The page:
Letter from the Editor: Blue Zone

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R.J. King
R.J. King

Here’s a big question: Why isn’t every hospital in metro Detroit, the United States, and the world striving to give their communities Blue Zone status?

The measure of a healthy population, a Blue Zone identifies a given geographic area where people live measurably longer, experience a very low incidence of disease, and enjoy a healthier, richer lifestyle marked by friendship and camaraderie.

Yes, these places exist, but mostly in secluded settings. Author and researcher Dan Buettner, in his book, The Blue Zones: Lessons for Living Longer From People Who’ve Lived the Longest, identified five such regions: Okinawa, Japan; Sardinia, Italy; Nicoya, Costa Rica; Icaria, Greece; and an area settled by Seventh-day Adventists in Loma Linda, Calif.

What these regions have in common is a high concentration of centenarians (people 100 years old), natural food sources free of pesticides with an emphasis on a mostly vegetarian diet, people who pursue daily and moderate physical activity, and very low rates of tobacco, alcohol, or drug use.

Other attributes include an emphasis on family relationships, setting obtainable goals, engagement in religion or spirituality, reducing stress through meditation, and moderate calorie intake. 

While our Western civilization has made incredible discoveries and introduced countless innovations, it has also come at a high cost. The Industrial Revolution propelled the stunning growth of the middle class over the last century and raised living standards overall, but it led to such daily stresses as meeting deadlines, traffic jams, operating just-in-time delivery schedules and, now, the almost incessant need to be connected to the digital space.

Given the chaos that progress can create in our lives, how can hospitals help affect positive change? Surely we can’t expect our healthcare systems to solve this problem on their own, but they can and should be community leaders when it comes to cultivating healthier neighborhoods.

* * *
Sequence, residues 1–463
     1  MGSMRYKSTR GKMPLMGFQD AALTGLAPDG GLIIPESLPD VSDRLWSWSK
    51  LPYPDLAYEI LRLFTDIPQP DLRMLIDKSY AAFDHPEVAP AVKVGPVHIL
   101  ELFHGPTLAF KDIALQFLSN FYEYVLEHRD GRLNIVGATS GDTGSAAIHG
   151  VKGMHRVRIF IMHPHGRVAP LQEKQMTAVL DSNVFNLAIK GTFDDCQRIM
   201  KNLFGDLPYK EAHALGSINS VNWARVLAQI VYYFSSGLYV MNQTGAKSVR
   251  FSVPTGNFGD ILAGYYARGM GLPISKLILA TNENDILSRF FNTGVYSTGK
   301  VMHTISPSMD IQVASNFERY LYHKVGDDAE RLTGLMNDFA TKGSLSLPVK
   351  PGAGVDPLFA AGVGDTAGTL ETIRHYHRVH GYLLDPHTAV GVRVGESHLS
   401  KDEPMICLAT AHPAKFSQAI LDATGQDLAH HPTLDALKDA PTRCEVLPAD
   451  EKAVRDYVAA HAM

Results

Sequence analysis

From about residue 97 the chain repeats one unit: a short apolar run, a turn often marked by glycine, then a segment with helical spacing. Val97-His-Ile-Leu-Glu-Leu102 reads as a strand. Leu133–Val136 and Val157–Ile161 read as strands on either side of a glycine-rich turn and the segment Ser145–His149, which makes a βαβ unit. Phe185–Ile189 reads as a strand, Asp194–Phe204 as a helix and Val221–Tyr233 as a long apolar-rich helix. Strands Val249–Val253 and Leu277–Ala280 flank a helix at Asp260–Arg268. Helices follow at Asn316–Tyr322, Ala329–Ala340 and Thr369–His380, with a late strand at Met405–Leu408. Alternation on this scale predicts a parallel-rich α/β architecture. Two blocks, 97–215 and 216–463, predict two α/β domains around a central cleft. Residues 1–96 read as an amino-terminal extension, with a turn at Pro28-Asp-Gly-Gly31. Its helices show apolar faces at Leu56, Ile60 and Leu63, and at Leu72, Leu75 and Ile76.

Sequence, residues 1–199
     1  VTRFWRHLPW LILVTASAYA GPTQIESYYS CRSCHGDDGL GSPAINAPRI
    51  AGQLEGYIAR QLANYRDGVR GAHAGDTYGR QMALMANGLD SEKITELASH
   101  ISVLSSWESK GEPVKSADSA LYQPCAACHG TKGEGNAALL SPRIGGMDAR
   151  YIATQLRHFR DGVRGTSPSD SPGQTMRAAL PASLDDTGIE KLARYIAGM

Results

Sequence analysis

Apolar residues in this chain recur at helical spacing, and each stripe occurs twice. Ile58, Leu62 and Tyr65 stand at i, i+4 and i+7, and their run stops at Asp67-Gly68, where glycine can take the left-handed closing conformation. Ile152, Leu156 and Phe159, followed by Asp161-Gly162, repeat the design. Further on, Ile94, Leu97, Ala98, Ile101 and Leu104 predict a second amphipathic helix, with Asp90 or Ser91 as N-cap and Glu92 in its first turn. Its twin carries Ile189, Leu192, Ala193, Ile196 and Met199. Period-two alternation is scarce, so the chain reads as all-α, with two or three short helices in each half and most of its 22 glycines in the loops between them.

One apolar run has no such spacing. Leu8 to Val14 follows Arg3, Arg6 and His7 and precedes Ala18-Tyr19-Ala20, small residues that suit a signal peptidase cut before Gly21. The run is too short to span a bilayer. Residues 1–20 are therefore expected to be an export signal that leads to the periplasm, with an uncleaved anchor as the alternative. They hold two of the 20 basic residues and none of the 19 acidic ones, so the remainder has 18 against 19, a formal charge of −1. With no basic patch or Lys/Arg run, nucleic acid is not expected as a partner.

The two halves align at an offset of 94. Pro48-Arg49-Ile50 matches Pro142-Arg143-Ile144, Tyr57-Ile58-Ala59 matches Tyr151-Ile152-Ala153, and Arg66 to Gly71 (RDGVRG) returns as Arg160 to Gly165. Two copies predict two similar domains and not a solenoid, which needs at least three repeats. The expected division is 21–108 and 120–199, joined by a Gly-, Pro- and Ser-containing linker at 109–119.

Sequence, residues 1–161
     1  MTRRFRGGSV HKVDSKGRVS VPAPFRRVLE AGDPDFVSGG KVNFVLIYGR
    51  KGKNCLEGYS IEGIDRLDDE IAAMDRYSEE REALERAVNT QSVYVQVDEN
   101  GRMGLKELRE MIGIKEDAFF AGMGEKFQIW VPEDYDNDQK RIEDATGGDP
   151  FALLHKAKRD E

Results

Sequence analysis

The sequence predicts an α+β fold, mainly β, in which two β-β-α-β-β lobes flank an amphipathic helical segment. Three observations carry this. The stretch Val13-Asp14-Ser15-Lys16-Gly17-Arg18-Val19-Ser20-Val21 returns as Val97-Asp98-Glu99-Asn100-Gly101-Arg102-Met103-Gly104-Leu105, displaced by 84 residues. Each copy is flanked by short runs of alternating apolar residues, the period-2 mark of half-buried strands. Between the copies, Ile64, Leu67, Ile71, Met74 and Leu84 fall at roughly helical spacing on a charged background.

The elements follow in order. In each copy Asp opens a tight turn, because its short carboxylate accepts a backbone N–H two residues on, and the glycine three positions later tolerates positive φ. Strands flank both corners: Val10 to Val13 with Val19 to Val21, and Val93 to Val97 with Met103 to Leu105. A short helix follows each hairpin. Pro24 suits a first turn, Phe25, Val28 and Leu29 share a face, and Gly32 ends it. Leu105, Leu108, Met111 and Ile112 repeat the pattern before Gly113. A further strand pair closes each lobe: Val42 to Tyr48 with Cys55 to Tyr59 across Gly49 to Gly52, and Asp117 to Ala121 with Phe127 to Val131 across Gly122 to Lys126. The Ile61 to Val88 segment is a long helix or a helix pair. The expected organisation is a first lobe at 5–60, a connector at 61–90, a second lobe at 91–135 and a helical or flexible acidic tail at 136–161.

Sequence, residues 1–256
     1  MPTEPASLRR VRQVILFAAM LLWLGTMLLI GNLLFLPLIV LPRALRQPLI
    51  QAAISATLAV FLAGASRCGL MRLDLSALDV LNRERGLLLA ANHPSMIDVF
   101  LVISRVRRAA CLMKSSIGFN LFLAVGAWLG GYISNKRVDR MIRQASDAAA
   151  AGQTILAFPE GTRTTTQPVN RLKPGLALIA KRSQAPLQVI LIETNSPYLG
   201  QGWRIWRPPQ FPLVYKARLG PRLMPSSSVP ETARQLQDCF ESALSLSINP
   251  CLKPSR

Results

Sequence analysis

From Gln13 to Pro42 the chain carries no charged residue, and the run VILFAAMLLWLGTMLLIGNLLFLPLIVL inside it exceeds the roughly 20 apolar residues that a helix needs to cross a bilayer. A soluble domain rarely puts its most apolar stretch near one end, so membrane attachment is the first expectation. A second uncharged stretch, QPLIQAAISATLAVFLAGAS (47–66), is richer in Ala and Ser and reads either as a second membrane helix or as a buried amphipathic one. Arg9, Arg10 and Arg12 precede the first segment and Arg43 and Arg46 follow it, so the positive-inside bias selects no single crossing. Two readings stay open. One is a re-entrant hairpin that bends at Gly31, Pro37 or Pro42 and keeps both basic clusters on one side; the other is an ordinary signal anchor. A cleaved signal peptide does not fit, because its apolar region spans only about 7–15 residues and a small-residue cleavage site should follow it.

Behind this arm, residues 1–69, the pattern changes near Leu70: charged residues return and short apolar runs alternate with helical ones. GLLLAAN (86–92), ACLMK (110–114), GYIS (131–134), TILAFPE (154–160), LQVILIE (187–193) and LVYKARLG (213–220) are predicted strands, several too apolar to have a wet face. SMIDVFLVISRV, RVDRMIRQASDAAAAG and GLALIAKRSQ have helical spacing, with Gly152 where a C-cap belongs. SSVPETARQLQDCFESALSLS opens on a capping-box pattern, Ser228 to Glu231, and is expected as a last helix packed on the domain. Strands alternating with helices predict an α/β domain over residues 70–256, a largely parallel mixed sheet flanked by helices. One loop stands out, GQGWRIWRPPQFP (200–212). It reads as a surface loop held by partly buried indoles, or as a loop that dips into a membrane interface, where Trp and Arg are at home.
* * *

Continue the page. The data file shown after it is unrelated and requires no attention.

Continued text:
Immediate outcomes include maximizing profits and using those earnings to improve patient care and wellness. That includes eliminating billing departments and streamlining supply chain operations, and conducting that work in the cloud, which will save millions of dollars annually. 

Hospitals also must demand that their end suppliers provide accurate pricing data rather than relying on getting that information from middle managers, insurers, drug providers, device-makers, and others who have a vested interested in preserving the status quo.

Say what you will about Obamacare — and while there are plenty of shortcomings — one three-word phrase, “cap on reimbursements,” means hospitals can no longer re-bill insurers for a botched operation or a procedure. The measure has upset the common practice where nearly every sector of the health care paradigm charged a little more each year for their services so they could record a modest profit.

Lastly, employers large and small must demand pricing transparency throughout the health care sector. Rather than writing a check each year to cover the health care costs of their employees, organizations in the private and public sector must demand that hospitals and suppliers share their pricing policies instead of relying on data that is easily manipulated by those who have little accountability (meaning the middle segment of the market, which separates hospitals from suppliers).

Resistance to such transparency will be unavoidable, given so many forces will be against it.

— R.J. King, rjking@dbusiness.com

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